My friend Becca brought up a fantastic point this morning as we spent the day the way we always spend our Sunday's here at not-Yale, feverishly studying in one of not-New Haven's fine caffeination stations. As I sipped on my third cup of coffee in as many hours and contemplated the way my hand shakes as caffeine hits my overloaded system (this is my concept of a study break), Becca looked out the window and declared one young lady, who under other circumstances is probably a very nice human being, a struggle. Now, her footless tights, ballet flats, strange 90's style summer dress and general dazed appearance may have had something to do with that, and as our friend Haley pointed out, it looked like a morning after outfit that you had planed carefully the night before, so none of us debated calling this girl strugglesome. However, as Becca pointed out, what is strange about coffee shops is that their large glass windows and proximity to well trafficked areas make them the perfect spots to sit and hate on people. Few other dining establishments offer the fuel to maintain a healthy level of hateraide and the opportunity to exercise it so frequently on absolute strangers, and, more importantly, people you know quite well. It's the perfect marriage of window to coffee ratio.
As I tried to ignore the frantic thrumming of my overly simulated heart, I gazed out the window at the strange mix of oddly dressed youngsters stumbling home from their various nights of debauchery. Of course, here at not-Yale that might mean swigging sherry and discussing the stock market, but, hey, whatever floats your parent's yacht. One of the more interesting affects of attending a university situated in New England is the spectrum of outwear, most of which, should you be hailing from the south or west of the country, is totally useless. I am always amused at the doleful faces of freshman from LA or Georgia who, having assumed it could get no worse then December, are less then thrilled to meet January and February. While they continue to deceive themselves that fashion is more significant then frostbite in the face of a New England winter, those of us who live in places with actual seasons are toasty and smug in our fleece and down. Once the Ivy League has driven all hope and spirit from these natives of warmer climes they begin to create some very interesting combinations of skimpy summer clothing layered with wool and puffy North Face jackets which they throw on as they prepare to stumble back to their dorm rooms on Sunday mornings, blinking like moles in the light and shaking their heads in an attempt to forget the awkwardness of the hook-up they had drunkenly engaged in the night before.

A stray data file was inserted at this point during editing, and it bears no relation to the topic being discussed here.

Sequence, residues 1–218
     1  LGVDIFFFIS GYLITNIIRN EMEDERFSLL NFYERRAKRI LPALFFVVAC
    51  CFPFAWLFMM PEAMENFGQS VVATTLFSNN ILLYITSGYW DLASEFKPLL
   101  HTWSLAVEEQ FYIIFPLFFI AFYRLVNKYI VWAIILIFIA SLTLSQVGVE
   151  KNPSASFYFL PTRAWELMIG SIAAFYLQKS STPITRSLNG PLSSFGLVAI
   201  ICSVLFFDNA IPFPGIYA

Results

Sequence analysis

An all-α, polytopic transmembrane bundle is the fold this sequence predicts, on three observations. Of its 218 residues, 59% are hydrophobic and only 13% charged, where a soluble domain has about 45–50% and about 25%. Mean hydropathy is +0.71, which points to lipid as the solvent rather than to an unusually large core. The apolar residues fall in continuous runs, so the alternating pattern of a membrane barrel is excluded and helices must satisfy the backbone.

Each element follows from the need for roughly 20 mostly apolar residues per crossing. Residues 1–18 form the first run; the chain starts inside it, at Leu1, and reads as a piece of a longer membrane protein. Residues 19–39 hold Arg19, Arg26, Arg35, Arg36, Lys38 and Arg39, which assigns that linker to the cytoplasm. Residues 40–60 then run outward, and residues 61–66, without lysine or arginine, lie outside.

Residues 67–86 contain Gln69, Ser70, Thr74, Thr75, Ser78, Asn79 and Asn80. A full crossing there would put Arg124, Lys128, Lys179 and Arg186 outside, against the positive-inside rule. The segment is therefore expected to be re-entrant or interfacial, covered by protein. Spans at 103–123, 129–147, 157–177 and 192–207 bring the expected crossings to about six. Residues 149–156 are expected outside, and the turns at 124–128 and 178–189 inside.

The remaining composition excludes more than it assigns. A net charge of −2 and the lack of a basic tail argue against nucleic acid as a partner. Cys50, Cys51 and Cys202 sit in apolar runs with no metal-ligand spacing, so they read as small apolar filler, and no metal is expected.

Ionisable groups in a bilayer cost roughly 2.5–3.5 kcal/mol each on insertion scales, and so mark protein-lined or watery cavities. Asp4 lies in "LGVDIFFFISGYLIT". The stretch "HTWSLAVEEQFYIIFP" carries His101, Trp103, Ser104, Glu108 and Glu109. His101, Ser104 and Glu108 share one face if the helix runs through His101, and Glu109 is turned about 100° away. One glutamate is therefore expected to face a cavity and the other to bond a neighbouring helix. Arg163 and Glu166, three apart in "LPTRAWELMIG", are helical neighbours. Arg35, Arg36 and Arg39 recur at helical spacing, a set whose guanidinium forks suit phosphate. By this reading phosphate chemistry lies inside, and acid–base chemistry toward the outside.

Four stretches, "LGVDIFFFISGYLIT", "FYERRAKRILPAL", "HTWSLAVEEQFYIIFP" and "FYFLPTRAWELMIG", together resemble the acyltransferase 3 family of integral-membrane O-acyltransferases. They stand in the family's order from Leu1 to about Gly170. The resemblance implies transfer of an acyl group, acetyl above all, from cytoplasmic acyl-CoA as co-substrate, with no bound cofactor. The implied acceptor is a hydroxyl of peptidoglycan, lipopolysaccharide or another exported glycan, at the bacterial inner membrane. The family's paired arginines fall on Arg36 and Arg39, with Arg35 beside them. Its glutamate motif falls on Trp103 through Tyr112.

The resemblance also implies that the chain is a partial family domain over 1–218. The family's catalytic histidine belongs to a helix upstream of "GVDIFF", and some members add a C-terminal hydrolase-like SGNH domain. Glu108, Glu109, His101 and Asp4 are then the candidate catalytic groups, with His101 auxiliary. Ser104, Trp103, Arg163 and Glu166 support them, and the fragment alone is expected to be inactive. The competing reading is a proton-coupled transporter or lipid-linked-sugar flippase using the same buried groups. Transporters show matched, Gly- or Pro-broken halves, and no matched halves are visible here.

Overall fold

It deeply comforts me to see these young people struggling through the snow and ice as they contemplate whether they are over their hang overs enough to face brunch. As I myself am scrambling to complete the oceans of work my professors hope to drown me in and franticly alternate caffiane and water in an attempt to aleviate my own morning-after pain I want to cry out to these poor, poorly-prepared people, to tell them it's all right. I want to tell them we are all in this together. I want to assure them that by next week that pasty, sweaty young man slobbering over your neck will be a comical story you tell at parties. I want to advise them to go to brunch, there's bacon there. But mostly, I want to take them by the hand and direct them to the fine people of the Columbia Company, who will sell them a coat that actually works.